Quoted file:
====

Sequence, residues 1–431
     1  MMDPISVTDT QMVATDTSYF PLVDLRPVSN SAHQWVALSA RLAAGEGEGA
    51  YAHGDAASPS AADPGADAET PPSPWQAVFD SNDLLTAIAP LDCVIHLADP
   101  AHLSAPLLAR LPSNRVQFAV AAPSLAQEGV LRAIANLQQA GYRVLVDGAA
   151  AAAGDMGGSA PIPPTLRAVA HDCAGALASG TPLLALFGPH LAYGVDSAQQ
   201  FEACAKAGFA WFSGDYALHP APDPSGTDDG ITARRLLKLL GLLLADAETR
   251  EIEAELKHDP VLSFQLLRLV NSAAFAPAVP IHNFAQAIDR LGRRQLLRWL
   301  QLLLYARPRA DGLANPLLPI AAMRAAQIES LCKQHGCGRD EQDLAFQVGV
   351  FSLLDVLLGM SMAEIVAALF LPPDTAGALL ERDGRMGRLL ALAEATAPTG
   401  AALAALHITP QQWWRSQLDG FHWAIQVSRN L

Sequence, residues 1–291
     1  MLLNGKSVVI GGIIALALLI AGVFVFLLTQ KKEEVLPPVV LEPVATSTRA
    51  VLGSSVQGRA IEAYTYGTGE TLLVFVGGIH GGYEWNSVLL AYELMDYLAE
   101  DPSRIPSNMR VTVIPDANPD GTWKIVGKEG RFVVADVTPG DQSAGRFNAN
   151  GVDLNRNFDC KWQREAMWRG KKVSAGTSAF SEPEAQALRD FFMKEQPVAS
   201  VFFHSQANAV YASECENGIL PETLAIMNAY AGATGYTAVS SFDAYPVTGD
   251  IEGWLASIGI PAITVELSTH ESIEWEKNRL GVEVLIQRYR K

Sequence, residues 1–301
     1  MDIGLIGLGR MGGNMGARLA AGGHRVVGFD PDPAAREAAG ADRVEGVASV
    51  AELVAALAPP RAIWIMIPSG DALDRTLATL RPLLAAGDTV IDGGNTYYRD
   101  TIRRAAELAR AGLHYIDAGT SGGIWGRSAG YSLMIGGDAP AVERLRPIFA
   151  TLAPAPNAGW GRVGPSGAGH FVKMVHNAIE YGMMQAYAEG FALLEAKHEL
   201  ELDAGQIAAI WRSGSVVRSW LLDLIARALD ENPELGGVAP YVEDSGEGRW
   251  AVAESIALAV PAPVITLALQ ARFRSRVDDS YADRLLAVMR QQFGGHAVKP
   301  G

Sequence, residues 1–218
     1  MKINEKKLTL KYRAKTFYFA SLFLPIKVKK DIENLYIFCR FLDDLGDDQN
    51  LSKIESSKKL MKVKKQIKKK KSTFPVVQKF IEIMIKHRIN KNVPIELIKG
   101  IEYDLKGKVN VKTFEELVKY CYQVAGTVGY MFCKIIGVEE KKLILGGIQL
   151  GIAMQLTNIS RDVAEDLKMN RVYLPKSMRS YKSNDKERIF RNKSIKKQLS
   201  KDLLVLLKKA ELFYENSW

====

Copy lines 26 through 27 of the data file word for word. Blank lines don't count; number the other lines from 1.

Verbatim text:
Sequence, residues 1–218
     1  MKINEKKLTL KYRAKTFYFA SLFLPIKVKK DIENLYIFCR FLDDLGDDQN